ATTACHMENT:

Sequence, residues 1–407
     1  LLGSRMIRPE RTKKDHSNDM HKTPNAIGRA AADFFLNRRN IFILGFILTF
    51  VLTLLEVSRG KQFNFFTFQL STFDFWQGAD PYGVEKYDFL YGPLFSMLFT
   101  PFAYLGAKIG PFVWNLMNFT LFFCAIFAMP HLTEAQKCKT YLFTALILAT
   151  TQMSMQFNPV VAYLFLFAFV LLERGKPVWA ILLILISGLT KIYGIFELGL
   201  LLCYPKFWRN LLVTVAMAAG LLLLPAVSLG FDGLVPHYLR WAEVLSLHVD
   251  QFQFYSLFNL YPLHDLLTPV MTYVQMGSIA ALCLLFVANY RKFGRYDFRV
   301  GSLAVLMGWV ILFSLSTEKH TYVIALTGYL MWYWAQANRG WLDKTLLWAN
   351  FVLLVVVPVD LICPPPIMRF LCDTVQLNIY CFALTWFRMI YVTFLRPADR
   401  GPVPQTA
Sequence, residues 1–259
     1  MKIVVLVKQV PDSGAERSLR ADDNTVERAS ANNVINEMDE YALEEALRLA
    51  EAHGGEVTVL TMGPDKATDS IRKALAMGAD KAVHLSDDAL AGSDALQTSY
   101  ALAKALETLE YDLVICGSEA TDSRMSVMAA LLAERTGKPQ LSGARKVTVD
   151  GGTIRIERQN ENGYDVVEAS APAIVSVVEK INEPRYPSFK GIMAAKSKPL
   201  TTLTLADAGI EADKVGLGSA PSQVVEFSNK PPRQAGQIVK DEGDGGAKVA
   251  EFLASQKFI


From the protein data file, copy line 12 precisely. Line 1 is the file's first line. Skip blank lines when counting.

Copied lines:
     1  MKIVVLVKQV PDSGAERSLR ADDNTVERAS ANNVINEMDE YALEEALRLA